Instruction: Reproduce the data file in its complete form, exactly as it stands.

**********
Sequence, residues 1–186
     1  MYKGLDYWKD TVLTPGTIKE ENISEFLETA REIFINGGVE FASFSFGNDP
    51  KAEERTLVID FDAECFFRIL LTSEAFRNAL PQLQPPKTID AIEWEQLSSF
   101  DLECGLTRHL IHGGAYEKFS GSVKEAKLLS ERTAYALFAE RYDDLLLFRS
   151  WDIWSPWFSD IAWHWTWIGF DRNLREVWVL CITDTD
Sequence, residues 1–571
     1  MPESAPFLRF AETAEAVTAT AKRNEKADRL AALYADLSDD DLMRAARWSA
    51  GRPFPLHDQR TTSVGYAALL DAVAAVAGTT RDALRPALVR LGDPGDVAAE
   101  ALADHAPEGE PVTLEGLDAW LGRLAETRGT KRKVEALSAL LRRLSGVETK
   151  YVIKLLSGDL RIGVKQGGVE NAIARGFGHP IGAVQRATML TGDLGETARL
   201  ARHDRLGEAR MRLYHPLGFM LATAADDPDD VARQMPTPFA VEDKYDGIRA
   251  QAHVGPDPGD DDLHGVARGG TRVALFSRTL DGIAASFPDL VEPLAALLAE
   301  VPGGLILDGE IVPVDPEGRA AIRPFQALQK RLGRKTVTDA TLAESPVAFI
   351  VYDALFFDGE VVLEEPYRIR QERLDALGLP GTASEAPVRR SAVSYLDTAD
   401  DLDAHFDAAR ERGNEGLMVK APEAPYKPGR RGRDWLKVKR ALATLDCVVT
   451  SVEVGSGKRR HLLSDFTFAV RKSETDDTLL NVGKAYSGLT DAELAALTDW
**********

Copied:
Sequence, residues 1–186
     1  MYKGLDYWKD TVLTPGTIKE ENISEFLETA REIFINGGVE FASFSFGNDP
    51  KAEERTLVID FDAECFFRIL LTSEAFRNAL PQLQPPKTID AIEWEQLSSF
   101  DLECGLTRHL IHGGAYEKFS GSVKEAKLLS ERTAYALFAE RYDDLLLFRS
   151  WDIWSPWFSD IAWHWTWIGF DRNLREVWVL CITDTD
Sequence, residues 1–571
     1  MPESAPFLRF AETAEAVTAT AKRNEKADRL AALYADLSDD DLMRAARWSA
    51  GRPFPLHDQR TTSVGYAALL DAVAAVAGTT RDALRPALVR LGDPGDVAAE
   101  ALADHAPEGE PVTLEGLDAW LGRLAETRGT KRKVEALSAL LRRLSGVETK
   151  YVIKLLSGDL RIGVKQGGVE NAIARGFGHP IGAVQRATML TGDLGETARL
   201  ARHDRLGEAR MRLYHPLGFM LATAADDPDD VARQMPTPFA VEDKYDGIRA
   251  QAHVGPDPGD DDLHGVARGG TRVALFSRTL DGIAASFPDL VEPLAALLAE
   301  VPGGLILDGE IVPVDPEGRA AIRPFQALQK RLGRKTVTDA TLAESPVAFI
   351  VYDALFFDGE VVLEEPYRIR QERLDALGLP GTASEAPVRR SAVSYLDTAD
   401  DLDAHFDAAR ERGNEGLMVK APEAPYKPGR RGRDWLKVKR ALATLDCVVT
   451  SVEVGSGKRR HLLSDFTFAV RKSETDDTLL NVGKAYSGLT DAELAALTDW